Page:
The Society of the Owned: The Rage of a Middle Class

Part Five of a series.

Something’s happening out there. It’s happening quietly in some places and not-so-quietly in others. It’s happening around kitchen tables and in living rooms across the country, as Americans come to grips with new — or, to them, newly-revealed — economic realities. For some, it’s just impossible to deny or ignore what most have known for weeks about the economy. Even the Bush administration — famous for simply ignoring reality (see part two of this series), as the president himself recently demonstrated by denying we’re in a recession — is showing vague signs of concern.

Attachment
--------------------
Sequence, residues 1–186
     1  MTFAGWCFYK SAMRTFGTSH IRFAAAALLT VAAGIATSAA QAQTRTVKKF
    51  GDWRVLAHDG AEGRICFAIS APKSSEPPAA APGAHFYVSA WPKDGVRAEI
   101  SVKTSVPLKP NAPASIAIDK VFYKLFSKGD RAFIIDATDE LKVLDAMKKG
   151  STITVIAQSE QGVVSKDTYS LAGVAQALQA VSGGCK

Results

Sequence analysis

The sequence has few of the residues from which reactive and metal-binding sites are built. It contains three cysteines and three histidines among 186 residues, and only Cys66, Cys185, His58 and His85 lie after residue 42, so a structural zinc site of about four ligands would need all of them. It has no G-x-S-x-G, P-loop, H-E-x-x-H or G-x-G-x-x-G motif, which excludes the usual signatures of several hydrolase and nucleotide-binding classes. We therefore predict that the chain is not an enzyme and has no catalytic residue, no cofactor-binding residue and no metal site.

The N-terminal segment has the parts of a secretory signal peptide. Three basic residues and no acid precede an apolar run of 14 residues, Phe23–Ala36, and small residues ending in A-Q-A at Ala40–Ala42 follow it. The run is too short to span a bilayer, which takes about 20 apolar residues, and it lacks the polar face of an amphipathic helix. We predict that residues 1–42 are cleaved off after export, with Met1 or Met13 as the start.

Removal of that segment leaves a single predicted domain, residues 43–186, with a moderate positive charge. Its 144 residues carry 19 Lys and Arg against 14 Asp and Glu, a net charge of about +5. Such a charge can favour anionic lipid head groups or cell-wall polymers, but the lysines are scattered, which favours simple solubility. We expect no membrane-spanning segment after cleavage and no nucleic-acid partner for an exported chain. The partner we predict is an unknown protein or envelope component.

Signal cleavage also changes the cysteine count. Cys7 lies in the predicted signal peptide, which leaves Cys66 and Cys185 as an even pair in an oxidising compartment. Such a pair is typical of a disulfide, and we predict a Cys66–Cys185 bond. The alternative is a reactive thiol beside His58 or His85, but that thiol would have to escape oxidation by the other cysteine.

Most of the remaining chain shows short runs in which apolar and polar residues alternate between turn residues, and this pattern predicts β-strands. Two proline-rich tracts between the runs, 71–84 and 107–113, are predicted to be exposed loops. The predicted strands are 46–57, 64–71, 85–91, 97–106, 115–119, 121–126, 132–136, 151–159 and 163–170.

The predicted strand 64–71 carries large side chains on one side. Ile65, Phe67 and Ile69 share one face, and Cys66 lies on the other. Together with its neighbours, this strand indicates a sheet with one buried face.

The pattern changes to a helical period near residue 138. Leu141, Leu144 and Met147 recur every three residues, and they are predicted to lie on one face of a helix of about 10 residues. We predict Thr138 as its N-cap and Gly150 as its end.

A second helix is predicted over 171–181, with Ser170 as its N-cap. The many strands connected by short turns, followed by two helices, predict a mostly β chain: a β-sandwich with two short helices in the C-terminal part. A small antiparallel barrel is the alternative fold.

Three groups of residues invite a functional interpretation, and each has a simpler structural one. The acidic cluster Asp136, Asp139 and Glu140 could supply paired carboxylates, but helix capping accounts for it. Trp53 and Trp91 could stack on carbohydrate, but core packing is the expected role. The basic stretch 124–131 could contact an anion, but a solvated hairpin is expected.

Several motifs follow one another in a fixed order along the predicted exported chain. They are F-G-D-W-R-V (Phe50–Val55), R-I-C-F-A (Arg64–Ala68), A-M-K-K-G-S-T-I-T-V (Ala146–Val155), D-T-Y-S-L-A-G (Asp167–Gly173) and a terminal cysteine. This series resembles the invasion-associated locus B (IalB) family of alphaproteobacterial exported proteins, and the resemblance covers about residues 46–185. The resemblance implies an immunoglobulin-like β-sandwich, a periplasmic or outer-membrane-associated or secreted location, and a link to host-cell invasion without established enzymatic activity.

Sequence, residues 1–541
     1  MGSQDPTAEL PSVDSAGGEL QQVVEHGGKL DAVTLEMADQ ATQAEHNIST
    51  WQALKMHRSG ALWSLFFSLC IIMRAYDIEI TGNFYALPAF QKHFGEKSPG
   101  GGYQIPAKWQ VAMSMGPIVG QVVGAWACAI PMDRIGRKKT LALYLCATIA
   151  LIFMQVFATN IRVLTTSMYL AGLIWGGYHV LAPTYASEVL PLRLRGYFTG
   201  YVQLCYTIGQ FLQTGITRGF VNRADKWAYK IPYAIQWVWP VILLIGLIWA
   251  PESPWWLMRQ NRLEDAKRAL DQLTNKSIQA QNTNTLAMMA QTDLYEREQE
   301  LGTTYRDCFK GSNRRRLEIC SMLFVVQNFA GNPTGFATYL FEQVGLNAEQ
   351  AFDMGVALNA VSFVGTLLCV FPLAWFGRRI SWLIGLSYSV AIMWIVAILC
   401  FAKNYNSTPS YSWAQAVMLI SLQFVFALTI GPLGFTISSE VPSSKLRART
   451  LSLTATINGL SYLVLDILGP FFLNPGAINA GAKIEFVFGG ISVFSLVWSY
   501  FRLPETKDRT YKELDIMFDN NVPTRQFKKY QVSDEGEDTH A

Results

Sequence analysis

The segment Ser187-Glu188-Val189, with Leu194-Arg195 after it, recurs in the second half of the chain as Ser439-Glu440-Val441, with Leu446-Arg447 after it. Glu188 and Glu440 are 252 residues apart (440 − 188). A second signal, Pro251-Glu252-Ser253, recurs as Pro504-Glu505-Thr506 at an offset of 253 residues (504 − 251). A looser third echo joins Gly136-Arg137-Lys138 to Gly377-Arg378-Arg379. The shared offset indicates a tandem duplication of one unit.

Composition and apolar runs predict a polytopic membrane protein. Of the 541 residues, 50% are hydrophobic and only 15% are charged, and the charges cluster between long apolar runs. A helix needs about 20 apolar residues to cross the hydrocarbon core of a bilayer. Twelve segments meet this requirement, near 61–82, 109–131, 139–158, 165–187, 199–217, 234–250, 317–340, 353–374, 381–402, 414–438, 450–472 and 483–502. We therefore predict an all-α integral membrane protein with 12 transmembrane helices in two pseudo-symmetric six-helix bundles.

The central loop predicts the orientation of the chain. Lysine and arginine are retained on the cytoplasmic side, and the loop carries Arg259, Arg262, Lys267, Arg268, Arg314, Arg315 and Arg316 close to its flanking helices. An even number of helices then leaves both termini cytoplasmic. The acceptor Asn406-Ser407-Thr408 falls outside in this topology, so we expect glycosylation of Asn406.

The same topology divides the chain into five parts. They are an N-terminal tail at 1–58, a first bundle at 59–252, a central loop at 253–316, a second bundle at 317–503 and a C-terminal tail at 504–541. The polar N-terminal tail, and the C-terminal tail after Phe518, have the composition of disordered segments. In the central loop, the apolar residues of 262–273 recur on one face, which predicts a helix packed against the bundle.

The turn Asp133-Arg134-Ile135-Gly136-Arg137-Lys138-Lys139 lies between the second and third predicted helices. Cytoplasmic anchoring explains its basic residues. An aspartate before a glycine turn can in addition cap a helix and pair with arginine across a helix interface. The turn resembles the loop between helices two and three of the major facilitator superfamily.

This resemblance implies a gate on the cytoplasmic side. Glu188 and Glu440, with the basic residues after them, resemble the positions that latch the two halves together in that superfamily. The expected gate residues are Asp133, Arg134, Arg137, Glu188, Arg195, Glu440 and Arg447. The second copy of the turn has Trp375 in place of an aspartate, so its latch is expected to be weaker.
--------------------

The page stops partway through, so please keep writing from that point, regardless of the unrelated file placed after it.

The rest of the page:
Maybe someone in the White House has been reading the news over the last several days, and maybe even reading it to the president. (Though until a reporter asked him about it, Bush hadn’t heard that gas might soon cost $4 per gallon.) But even the president might not have needed his news predigested this time, because even a perusal of the headlines in the last few days indicates that something — like that middle class anger in the last post — is building, and it’s reaching a point where more and more people have almost nothing left. And, it follows, nothing left to lose.


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